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It seems that consciousness can only be investigated through self-report, i.e. language/communication of some kind. Is it believed that consciousness could nonetheless exist without language?

Yes, it is assumed that non-human animals have varying degrees of consciousness - but this seems somewhat unverifiable without our capacity to ask them.

Conversely, has there ever been a human being to grow up without language for years and then learn a language sufficiently well to be questioned regarding their subjective experience prior to learning the language?

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    $\begingroup$ Related: How does a language deprived person think? $\endgroup$ – Arnon Weinberg Mar 27 at 19:23
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    $\begingroup$ I would like to add albeit with only some relevance that with the redent discovery of aphantasia, that is a condition of not having a mind's eye, there are now a lot of self-reported cases of people lacking a mind's ear as well. As far as I can tell these people are nonetheless behaviorly conscious whichever way you look at it. In this case these people would not be using language in any active sense throughout most of their life. (Furthermore, all the same points could be raised with regards to the mind's eye) $\endgroup$ – LPenguin Apr 21 at 1:18
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Yes, as Ray Jackendoff reports in chapter 16 of A User's Guide to Thought and Meaning, where he answers precisely this question:

A more promising source of evidence comes from congenitally deaf individuals who have had no exposure to a signed language. If they learn a signed language as adults, we can ask them what their thinking was like before. In a BBC documentary on the relatively new signed language of Nicaragua, one such person says (in the English transla-tion), “I didn’t even know what it meant to think. Thinking meant nothing to me.” Of course he must have been able to think before he learned to speak—after all, he wasn’t a robot or a zombie, he was func-tioning in society at least to some degree. But—as predicted by the Unconscious Meaning Hypothesis—he wasn’t aware of it.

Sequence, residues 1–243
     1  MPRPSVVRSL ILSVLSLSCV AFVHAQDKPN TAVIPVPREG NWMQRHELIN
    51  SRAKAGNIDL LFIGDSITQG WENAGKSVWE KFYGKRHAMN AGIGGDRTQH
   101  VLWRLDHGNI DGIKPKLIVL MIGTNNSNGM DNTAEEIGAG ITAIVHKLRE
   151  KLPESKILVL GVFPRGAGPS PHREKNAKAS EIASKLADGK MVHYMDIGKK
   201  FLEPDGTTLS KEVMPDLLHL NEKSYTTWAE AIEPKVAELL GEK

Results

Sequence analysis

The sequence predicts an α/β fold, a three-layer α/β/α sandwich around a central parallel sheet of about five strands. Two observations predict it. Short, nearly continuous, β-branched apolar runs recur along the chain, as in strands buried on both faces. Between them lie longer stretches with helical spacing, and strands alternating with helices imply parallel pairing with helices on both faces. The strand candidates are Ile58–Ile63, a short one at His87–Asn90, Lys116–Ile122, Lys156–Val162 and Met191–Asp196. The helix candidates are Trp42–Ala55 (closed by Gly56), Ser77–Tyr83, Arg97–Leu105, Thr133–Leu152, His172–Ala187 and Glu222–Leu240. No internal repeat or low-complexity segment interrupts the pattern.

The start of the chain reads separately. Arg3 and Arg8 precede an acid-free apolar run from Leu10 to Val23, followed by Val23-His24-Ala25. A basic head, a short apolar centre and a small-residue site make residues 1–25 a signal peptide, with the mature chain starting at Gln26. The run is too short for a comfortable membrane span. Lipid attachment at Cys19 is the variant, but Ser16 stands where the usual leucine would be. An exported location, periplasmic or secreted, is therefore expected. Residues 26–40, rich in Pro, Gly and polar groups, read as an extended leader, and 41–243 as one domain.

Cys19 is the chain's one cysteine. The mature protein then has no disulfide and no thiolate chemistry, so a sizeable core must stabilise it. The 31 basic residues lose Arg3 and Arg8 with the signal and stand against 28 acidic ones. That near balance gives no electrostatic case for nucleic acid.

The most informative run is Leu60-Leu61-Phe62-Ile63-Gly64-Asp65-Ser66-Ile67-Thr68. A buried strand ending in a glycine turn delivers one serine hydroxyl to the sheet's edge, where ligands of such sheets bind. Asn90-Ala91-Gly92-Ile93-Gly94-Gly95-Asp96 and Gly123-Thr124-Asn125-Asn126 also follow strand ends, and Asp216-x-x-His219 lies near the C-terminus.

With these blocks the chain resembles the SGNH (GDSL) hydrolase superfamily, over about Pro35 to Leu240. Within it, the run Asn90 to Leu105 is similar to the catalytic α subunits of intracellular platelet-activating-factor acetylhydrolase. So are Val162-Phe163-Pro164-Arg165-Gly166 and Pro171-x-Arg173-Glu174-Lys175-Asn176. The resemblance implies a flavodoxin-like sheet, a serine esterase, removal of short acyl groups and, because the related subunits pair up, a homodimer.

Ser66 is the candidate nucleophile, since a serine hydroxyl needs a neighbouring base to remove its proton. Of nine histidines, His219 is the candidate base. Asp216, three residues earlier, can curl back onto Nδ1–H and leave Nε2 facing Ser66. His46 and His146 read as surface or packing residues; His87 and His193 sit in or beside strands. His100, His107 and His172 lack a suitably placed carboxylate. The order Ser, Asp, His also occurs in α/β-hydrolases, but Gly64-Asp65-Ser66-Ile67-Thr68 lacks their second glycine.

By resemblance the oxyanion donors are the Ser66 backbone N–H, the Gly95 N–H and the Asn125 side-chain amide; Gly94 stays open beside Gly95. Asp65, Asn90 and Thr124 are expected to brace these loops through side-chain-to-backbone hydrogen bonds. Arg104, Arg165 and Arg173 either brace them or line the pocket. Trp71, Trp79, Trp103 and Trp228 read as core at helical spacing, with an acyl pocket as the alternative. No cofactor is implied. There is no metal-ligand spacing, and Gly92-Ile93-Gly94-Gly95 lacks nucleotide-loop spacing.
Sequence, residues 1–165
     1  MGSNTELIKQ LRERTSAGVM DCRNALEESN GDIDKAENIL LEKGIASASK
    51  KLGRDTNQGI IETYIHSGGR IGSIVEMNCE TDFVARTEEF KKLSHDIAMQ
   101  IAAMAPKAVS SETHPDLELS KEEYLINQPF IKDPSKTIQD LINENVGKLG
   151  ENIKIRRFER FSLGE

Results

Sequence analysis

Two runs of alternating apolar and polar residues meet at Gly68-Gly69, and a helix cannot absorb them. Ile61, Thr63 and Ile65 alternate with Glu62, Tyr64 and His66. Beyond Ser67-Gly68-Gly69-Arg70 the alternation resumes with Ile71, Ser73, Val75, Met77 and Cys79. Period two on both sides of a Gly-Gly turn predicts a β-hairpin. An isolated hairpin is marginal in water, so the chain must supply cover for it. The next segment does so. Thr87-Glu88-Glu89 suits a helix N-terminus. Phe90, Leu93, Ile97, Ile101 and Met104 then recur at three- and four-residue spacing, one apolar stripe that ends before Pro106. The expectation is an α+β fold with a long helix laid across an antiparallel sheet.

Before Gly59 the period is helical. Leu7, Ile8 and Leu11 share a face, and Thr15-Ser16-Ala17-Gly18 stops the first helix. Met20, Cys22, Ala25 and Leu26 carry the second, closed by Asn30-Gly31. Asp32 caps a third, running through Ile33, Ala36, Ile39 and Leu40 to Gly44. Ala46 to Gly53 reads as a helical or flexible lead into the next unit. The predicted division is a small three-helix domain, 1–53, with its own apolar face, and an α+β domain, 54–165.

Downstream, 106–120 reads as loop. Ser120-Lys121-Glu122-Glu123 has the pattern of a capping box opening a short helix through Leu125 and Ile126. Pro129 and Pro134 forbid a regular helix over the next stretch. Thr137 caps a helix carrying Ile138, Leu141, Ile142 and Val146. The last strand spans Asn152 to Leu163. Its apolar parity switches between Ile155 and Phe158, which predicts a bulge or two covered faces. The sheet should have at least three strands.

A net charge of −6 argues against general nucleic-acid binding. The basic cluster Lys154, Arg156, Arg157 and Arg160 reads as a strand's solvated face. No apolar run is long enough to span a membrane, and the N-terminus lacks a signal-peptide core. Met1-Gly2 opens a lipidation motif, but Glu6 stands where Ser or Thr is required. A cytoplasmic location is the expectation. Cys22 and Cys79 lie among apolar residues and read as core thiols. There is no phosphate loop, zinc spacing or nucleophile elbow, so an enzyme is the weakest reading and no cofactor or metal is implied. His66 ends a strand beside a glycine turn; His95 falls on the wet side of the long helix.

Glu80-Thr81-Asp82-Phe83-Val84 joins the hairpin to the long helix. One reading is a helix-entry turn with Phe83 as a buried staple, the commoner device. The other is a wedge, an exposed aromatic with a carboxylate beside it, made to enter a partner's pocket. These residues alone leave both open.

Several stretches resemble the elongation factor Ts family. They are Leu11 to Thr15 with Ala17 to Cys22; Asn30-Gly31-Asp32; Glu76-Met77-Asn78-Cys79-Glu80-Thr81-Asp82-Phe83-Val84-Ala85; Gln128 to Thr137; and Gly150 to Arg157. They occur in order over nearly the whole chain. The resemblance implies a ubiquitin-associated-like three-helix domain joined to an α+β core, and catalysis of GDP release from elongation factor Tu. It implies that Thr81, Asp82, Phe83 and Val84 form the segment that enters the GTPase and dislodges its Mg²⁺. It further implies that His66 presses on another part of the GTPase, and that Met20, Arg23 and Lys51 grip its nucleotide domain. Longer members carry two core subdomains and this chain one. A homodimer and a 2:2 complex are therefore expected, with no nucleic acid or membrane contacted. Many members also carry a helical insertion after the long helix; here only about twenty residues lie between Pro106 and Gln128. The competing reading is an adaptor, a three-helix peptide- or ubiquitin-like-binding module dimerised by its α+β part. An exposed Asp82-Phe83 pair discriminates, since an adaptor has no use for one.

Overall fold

Another report presents the experience of a deaf individual who had never put together an English sentence until he was 9 or 10 years old, and was not exposed to sign language until college. He has memories of wondering how the world worked, but having no way to ask the questions. He recalls having a sense that other people could communicate with each other, but that he wasn’t able to. He describes saving up his questions until he had a way of asking them. For example, he reports having wondered at 5 or 6 years old how people communicated on the telephone. One day he wanted his mother to stop talking on the phone. He knew from observation that a hose could be crimped to stop the flow of water, so he applied this reason-ing to the telephone cord and tried to stop the sound by crimping the cord (to no avail, of course). According to this report, then, this deaf boy had questions in his mind without having a language to think in. What’s more, his story about the telephone shows that he was able to use analogical reasoning without talking his way through the logic in his head. The Unconscious Meaning Hypothesis leads us to ask: In what form did he experience these questions and this reasoning? Does this represent some form of “imageless thought”? From his description when asked about it, it sounds as though his experience was in terms of some kind of visual or kinesthetic imagery—the feel one has for “how things work”— accom-panied by a feeling of connection or of questioning a connection between observed actions.